Most changes in hearing are probably due as much to noise exposure as to aging. Exposure to loud noise over time damages the ear’s ability to hear. Nonetheless, some changes in hearing occur as people age, regardless of their exposure to loud noise. As people age, hearing high-pitched sounds becomes more difficult. This change is considered age-associated hearing loss (presbycusis). For example, violin music may sound less bright.
High-pitched sounds are particularly hard for older people to hear. The consequence of presbycusis is that words become harder to understand. As a result, older people think that other people are mumbling. The reason is that most consonants (such as k, t, s, p, and ch) are high-pitched, and consonants are the sounds that help people identify words. Because vowels are lower-pitched sounds, they are easier to hear. Older people hear “Ell me exactly what you wan oo ee,” rather than “Tell me exactly what you want to keep.” To help, other people need to articulate consonants more clearly, rather than simply speak louder. Understanding what women and children say may be more difficult than understanding what men say because most women and children have higher-pitched voices. Gradually, hearing lower pitches also becomes more difficult.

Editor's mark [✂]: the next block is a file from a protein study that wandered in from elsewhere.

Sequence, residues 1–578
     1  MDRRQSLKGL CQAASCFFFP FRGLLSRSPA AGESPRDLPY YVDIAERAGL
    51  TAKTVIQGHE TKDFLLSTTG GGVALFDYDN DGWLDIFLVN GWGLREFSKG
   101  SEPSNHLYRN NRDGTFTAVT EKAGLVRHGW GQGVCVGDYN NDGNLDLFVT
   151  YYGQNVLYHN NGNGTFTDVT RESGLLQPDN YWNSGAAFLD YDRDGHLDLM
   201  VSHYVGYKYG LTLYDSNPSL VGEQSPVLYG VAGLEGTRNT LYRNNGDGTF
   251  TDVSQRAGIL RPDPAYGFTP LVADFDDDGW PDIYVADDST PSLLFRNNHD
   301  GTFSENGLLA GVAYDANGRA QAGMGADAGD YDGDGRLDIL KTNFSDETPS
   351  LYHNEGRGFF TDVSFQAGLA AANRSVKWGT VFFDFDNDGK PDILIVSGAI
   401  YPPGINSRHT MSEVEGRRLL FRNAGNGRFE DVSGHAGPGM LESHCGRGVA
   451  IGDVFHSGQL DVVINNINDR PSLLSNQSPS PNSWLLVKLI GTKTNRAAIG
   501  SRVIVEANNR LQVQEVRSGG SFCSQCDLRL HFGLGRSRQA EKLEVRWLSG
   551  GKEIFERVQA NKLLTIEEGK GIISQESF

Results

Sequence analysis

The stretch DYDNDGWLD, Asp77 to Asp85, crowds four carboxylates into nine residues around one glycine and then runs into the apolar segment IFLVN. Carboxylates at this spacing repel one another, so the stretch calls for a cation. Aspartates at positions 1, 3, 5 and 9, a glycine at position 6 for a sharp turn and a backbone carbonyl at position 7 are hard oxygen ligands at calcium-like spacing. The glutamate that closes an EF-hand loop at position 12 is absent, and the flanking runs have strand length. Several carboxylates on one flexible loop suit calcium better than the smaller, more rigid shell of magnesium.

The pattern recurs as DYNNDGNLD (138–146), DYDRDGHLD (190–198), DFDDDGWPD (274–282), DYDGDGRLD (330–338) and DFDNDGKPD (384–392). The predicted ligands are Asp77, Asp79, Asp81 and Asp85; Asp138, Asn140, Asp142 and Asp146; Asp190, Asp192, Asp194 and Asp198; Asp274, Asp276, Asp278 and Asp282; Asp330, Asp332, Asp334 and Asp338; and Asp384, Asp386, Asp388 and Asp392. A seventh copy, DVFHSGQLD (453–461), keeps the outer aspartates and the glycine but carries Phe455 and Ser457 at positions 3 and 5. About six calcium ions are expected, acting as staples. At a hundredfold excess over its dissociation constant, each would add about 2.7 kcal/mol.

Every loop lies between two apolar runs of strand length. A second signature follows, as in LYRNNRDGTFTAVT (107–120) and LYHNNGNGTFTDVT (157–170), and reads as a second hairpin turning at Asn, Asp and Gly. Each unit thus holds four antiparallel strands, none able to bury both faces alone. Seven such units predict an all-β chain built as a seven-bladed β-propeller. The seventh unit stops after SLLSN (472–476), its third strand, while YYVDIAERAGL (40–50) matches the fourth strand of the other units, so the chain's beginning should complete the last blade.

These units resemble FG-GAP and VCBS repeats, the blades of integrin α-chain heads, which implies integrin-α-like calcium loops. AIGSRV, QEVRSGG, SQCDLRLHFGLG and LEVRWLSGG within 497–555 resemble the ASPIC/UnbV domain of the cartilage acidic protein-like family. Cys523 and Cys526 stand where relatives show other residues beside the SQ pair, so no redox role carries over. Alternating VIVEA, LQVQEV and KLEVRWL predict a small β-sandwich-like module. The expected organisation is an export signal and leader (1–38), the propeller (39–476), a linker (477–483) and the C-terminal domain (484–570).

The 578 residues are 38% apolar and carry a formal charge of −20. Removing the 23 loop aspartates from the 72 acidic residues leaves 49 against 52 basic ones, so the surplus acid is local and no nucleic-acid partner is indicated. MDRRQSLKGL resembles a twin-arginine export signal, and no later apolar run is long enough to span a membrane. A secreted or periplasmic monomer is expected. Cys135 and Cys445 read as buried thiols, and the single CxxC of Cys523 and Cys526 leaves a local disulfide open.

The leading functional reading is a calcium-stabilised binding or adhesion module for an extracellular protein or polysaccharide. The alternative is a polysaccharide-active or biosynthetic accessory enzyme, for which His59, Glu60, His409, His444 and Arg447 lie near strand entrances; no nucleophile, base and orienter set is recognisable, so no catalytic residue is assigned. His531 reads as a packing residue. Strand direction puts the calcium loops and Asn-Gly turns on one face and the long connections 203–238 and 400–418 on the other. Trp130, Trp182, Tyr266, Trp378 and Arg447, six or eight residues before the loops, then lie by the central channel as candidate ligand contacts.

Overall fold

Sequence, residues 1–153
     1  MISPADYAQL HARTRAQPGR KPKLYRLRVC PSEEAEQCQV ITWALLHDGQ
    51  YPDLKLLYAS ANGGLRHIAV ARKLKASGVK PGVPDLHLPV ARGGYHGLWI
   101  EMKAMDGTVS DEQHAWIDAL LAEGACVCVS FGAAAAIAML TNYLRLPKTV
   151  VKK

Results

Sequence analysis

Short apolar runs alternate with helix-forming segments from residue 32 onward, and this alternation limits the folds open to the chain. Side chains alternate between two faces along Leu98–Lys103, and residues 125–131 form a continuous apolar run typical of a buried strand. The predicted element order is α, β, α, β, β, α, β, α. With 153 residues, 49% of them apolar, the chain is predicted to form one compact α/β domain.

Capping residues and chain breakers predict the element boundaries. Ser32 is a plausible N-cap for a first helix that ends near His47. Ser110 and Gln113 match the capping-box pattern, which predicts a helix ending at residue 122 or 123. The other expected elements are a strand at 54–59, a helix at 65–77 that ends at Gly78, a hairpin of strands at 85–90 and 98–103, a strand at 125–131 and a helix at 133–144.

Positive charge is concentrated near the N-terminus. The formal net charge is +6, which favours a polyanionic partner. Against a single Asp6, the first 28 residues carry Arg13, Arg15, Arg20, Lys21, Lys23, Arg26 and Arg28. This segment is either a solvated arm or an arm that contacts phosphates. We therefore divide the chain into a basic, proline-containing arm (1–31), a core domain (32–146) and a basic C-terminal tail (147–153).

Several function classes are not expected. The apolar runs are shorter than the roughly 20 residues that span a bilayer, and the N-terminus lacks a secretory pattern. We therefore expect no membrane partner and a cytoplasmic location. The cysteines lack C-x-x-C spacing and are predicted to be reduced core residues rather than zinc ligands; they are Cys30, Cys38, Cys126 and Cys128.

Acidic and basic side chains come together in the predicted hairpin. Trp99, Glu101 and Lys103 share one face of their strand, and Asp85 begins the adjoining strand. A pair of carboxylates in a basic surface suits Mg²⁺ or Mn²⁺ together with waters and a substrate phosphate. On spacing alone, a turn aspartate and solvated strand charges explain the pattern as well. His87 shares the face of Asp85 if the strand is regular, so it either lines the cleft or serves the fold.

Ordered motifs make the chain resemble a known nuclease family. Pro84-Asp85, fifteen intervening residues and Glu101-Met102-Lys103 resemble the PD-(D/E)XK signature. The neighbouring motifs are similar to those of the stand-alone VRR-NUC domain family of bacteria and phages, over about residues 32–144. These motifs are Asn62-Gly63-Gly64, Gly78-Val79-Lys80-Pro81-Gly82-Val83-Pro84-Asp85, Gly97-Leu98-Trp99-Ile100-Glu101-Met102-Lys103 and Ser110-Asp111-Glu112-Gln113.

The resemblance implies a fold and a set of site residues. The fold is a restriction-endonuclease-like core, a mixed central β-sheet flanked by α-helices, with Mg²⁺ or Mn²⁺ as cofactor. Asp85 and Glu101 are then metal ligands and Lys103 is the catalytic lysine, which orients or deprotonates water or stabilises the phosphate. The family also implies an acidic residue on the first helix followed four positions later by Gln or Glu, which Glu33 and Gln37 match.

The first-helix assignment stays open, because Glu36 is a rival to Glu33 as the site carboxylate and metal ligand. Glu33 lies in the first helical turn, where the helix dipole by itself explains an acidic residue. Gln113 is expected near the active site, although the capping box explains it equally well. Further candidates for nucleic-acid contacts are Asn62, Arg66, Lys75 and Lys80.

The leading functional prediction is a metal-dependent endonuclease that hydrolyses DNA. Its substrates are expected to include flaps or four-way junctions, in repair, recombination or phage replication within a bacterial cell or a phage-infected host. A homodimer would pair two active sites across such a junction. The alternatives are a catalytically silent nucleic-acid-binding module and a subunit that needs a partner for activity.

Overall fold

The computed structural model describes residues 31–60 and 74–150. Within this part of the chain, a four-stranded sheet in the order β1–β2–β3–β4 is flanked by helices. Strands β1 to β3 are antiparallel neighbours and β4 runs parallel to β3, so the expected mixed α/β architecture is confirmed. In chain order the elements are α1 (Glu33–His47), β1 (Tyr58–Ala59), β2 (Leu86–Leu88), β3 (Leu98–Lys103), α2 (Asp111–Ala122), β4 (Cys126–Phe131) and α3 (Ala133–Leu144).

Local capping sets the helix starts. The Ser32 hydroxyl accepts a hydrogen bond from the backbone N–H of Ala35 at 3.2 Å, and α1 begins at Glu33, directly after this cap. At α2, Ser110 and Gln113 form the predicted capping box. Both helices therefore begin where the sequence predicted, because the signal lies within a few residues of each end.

Many older people have more trouble hearing in loud places or in groups because of the background noise. Also, earwax, which interferes with hearing, tends to accumulate more. Hairs grow out of the ears and disturb sounds.